The Telegram (St. John's)
Look at you
Quick, name the three main indicators of success.
If you were quick, I would bet all my debt load that you immediately shouted “fame and fortune!” Right? That’s if you were quick about it. But you may have had to hesitate on the third indicator.
When I thought for two or three moments I realized there was a lot more to this little exercise than meets the eye, especially mine and probably yours. Consider that your eye and mine are fairly typical of the modern Western civilization eye, God help us. The definition of success is bound to be a little warped.
Understand I’m tackling this difficult subject only for your greater edification. There are lots of other things I would rather be doing. Fishing.
It strikes me that a proper understanding of the term can only be reached through examining the lives of people who are understood to be successful. If I were to ask you off the top of your head to name a successful person, you might be forgiven for immediately thinking of someone who has reached the pinnacle of his or her profession or calling or vocation. The name Donald Trump might come to mind, although I’m not sure you would be forgiven for that.
All things considered, he is arguably the most powerful man on Earth. Can’t rise much higher than that. But when you do consider all things, it is difficult to sink much lower, given the name associated with the criteria. He is not Justin Trudeau. He is not even Angela Merkel.
Obviously the criteria have to be modified and carefully stated. Suppose we said that one reliable indicator of success is the degree to which he is admired and respected by his fellows. Sounds good, although it immediately dismisses Trump, especially if we add the rider “universal.” Of course he is rich, if it’s a key to success.
On the other hand, it will include Wayne Gretzky, especially for people in the sporting fraternity, hockey division. Music and the visual arts? Hmmm.
I’m told there are porn stars who are widely respected and considered highly successful. Perhaps the respect net has to be cast a little wider.
I’m not doing well with expounding on this success business and what and who it is or could be. What is the universal criteria for success? Or is there any such thing?
I think there is. But the criteria have to be so all-inclusive that they are rarely found in one individual. In the last dozen decades or so, I can think only two.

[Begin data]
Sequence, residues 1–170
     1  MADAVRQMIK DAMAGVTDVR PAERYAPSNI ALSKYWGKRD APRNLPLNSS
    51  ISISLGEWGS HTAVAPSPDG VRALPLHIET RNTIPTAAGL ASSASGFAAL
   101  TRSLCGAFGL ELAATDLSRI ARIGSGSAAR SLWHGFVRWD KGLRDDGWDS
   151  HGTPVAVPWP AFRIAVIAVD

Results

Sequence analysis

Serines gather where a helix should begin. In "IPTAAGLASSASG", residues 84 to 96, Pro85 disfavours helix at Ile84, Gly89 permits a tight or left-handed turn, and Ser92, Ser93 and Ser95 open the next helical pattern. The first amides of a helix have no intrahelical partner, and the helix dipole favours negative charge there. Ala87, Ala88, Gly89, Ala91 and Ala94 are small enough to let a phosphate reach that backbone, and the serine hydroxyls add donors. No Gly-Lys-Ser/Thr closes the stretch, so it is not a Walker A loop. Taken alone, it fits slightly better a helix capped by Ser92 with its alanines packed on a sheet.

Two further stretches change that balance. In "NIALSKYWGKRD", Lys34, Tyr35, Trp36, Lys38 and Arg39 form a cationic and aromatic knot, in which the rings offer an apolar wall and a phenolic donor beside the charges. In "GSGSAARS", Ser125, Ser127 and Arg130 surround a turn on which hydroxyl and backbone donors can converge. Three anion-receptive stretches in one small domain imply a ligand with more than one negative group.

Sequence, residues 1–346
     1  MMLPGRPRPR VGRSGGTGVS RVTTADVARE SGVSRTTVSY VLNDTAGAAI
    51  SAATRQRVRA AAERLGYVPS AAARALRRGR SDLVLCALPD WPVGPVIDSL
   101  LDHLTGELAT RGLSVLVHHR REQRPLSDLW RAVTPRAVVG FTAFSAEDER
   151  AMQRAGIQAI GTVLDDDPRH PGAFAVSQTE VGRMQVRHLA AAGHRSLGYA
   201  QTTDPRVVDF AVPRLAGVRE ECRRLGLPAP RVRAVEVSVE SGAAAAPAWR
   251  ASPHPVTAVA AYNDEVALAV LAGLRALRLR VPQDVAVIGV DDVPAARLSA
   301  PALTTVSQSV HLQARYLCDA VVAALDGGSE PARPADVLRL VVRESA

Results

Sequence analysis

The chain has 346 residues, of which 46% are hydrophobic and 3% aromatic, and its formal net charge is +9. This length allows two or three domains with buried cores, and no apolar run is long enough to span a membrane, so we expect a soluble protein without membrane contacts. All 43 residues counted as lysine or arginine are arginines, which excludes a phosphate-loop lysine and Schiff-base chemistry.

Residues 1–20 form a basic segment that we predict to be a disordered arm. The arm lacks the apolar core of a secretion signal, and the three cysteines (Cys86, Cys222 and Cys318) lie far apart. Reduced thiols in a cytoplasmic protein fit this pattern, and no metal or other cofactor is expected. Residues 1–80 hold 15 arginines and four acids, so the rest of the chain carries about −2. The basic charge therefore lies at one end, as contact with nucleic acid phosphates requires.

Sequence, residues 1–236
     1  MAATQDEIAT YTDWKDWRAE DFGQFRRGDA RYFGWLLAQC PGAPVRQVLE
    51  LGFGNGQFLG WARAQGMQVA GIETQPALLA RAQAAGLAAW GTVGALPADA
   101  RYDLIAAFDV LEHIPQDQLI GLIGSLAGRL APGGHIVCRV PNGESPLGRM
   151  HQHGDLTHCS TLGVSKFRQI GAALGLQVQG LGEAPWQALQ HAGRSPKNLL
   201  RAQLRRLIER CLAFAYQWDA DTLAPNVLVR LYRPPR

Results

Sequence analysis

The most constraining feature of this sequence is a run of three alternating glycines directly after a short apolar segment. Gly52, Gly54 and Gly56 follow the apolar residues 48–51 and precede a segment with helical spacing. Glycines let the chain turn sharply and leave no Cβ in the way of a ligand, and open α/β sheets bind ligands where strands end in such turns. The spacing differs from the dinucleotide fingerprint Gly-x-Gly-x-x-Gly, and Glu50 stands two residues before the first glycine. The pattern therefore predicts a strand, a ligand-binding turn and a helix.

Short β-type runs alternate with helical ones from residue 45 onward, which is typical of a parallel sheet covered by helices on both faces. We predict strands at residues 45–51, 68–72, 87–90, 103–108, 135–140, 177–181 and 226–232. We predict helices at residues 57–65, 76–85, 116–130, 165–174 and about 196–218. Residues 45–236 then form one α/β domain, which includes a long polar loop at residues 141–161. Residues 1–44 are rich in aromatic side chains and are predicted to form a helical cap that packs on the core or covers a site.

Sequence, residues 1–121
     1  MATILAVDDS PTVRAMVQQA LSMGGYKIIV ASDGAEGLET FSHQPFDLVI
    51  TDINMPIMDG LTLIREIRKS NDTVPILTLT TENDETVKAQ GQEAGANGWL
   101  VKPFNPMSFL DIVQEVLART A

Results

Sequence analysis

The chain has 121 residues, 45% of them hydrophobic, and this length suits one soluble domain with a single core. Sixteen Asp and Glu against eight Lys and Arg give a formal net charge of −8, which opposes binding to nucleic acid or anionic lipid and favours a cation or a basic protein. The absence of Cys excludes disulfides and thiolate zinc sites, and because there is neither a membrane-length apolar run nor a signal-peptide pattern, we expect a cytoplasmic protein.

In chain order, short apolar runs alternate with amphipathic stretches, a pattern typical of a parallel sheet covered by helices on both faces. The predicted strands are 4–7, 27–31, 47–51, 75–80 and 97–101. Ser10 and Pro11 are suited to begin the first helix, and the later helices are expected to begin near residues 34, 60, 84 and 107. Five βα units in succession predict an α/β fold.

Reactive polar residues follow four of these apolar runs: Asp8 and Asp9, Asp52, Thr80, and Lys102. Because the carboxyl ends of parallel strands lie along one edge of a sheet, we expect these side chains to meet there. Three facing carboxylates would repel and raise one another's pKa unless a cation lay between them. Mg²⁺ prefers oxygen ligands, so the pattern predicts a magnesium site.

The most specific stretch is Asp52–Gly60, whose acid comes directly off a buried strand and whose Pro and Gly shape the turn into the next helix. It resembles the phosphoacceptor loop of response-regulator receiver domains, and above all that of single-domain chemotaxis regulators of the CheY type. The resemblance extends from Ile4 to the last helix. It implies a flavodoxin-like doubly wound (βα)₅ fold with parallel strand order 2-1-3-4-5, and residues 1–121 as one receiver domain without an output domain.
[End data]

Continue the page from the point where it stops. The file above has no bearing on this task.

Perhaps the greatest “success” story of them all in human and political terms has been Nelson Mandela. No one is more universally admired. Yet he, too, has his detractors.
Winston Churchill is rightfully credited with saving the world from Hitler. Yet shortly after the Second World War ended, the British people would not elect him as their peacetime leader. Perhaps we should cut Brother Trump a little slack. Cannot believe I am saying that name in company with the other two, and in that context.
In retrospect, I think I may be looking in the wrong places for a meaningful definition of success. Or someone who exemplifies it. Much like some people who look straight up when you ask them where heaven is. Same mistake. Like heaven, success is a highly subjective and individual concept. It only has meaning when seen in specific contexts and situations. One size does not fit all.
You want to find someone who has made a success of her life, don’t look only to the rich and famous. Stop searching the heavens. Look to the one nearest to you, or the lady next door. Consider a woman with six or eight children who refuses to leave them to the abuses of the father. She will not abandon them, although a large part of that abuse is heaped on her. I remember a woman who stayed with her elderly father long after he was confined to bed. The house caught fire one night. Her body was found kneeling next to his bed. She stayed to comfort him to the end. Her life was one great success story.
Our friends include people who care for others because the need is there. Often no one else knows about it. I also know people who regard their lives as failures because they compare themselves with others, and see nothing in their own lives as worthy of mention.
Could you, at this moment, identify from those around you people whose lives are certainly successes? Chances are you have already missed the most obvious one.
What is the universal criteria for success? Or is there any such thing?
Ed Smith is an author who lives in Springdale. His email address is email@example.com.